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these are different times

Early this morning, I sent out the following tweet:

“These are different times: I'm watching Man City-Man U live in HD on Telemundo, Andres Cantor at the mic.”

There are a lot of markers packed into that sentence, to demonstrate how times have changed. I’m watching the top Premier League matchup of the week on television … live … in hi-def … in Spanish … with Andres Cantor … while on Twitter.

There was a time when I would never see Premier League matches live on TV, much less in HD, much less with Spanish-language commentating. (Further note on that: Cantor was joined by Sammy Sadovnik, another favorite of mine. And the English-language play-by-play guy, Arlo White, is also very good. And that’s another sign of changing times: good English-language soccer announcers in the USA.)

Meanwhile, as much of the soccer-fan universe was watching the same match, I noted Simon Gleave tweeting. I knew him from the days when Usenet was a popular place for online communities (another thing that has changed). In 1994, Gleave had put together guides to the World Cup and then the Premier League (“Shaggy’s Guide to the FA Premiership”). I can’t over-emphasize how valuable those guides were, especially for an American like me who had so little contact with soccer once USA ‘94 was over. MLS hadn’t begun yet … European leagues were never on our TV … mostly we got Mexican League matches on the Spanish-language channels.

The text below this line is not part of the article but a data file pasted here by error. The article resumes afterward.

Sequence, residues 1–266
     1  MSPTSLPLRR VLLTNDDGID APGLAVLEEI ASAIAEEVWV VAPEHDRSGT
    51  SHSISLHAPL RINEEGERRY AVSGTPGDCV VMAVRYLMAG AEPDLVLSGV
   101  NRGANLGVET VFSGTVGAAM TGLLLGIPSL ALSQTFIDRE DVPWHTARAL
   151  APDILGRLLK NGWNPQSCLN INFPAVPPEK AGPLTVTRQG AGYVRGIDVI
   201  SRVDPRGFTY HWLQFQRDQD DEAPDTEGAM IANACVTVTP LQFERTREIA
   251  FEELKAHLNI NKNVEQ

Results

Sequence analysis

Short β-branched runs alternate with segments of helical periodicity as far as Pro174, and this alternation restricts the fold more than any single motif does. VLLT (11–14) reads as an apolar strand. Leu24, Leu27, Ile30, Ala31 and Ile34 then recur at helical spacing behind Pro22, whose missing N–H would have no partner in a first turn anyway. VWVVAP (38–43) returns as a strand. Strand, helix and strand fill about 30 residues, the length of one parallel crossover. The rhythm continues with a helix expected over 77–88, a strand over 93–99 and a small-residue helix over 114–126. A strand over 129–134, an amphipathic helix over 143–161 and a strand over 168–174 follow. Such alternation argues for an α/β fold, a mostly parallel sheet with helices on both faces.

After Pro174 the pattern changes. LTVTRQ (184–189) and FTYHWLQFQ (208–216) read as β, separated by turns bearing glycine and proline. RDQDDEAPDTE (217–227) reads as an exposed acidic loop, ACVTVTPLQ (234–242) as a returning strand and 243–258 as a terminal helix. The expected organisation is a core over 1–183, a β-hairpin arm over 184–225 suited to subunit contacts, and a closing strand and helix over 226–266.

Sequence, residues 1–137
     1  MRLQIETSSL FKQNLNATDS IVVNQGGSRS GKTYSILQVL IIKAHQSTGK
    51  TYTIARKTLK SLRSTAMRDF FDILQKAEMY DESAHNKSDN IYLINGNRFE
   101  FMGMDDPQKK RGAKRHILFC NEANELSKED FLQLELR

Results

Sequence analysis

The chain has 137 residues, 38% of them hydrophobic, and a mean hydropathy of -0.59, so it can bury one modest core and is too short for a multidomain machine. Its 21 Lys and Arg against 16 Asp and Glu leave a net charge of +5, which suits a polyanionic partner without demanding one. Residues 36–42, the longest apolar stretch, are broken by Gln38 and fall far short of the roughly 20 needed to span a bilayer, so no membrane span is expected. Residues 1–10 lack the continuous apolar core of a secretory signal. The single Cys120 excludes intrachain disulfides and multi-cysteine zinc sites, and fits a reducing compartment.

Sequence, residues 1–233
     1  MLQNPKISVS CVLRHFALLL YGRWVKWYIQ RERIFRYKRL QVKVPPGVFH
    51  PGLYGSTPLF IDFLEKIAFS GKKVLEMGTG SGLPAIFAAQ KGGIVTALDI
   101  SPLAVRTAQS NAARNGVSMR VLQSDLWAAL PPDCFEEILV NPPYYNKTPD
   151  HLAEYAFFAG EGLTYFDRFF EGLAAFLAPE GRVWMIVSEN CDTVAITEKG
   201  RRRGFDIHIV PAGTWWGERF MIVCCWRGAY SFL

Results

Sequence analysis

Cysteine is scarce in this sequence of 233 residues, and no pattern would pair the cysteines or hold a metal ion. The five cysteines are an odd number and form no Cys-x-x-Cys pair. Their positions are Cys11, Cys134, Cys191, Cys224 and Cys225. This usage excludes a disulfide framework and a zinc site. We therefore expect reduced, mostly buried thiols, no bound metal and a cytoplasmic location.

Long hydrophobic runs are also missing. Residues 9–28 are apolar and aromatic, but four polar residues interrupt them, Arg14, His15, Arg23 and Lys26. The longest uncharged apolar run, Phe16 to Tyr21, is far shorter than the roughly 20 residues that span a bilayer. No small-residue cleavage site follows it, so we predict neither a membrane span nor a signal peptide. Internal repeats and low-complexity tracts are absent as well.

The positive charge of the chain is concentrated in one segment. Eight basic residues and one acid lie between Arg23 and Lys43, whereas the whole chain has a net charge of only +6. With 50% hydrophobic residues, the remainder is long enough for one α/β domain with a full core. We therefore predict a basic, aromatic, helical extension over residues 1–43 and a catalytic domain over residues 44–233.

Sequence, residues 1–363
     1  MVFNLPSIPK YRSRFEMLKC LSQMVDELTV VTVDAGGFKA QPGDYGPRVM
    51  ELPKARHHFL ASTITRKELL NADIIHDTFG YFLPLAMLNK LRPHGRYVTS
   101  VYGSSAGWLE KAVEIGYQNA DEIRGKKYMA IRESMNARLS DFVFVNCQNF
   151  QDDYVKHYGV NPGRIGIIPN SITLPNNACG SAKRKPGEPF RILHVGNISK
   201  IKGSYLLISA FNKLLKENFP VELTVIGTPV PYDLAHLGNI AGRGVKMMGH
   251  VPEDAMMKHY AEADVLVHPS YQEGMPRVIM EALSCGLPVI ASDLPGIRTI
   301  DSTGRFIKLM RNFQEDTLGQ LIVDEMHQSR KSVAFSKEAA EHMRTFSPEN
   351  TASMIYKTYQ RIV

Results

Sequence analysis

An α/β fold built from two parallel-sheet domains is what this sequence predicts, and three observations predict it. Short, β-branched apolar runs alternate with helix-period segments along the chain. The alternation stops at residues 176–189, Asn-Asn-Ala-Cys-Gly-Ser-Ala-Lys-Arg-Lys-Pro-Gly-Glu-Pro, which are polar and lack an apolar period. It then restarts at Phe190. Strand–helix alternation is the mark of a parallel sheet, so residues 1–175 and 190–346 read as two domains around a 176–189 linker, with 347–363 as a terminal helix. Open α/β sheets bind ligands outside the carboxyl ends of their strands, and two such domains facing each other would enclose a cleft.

Gleave has worked for Infostrada Sports for more than a decade as Head of Analysis (I think I’ve got this right), and is one of the most creative soccer analysts out there. I thought I could impress my nephew, who works as an analyst for the Earthquakes, if I found some evidence of me and Gleave from those bygone years.

I found a Usenet thread, Reading’s Goalkeeper, from September of 1994. The first message was from “Shaggy” (Gleave’s pen name in those days), telling us he’d seen a match that weekend, Reading v. Sheffield United, where he had found “a real star of the future”. It was Reading’s goalkeeper, Shaka Hislop. My contribution to the discussion was minimal … I was glad Shaggy had mentioned Hislop’s height, because the English wire services of the day always referred to Hislop as the “giant keeper”.

But this is about how times change. Shaggy may have overstated Hislop’s excellence, but Shaka had a pretty good career. He was in fact named Reading’s Player of the Year in 1994-95. He also played for Newcastle United, West Ham United, and Portsmouth, before finishing his career in MLS. And he made 26 appearances for the Trinidad & Tobago national team. Nowadays, you can find Hislop working as an analyst for ESPN.

In nineteen years, we’ve gone from few matches on U.S. television, information sparsely doled out, hanging out on Usenet, to a zillion matches on U.S. television, information at our fingertips, and Twitter allowing for real-time discussions.

Oh, and that part where I thought I could impress my nephew? When I tagged Simon Gleave in a tweet, he replied, “Are you related to Sean Rubio of San Jose Earthquakes fame?” I tried to impress Sean, and I ended up being the one who was impressed.

(Some things don’t change. I was listening to Cantor today, and I was listening to Cantor in 1994. The only difference is, he changed networks along the way.)

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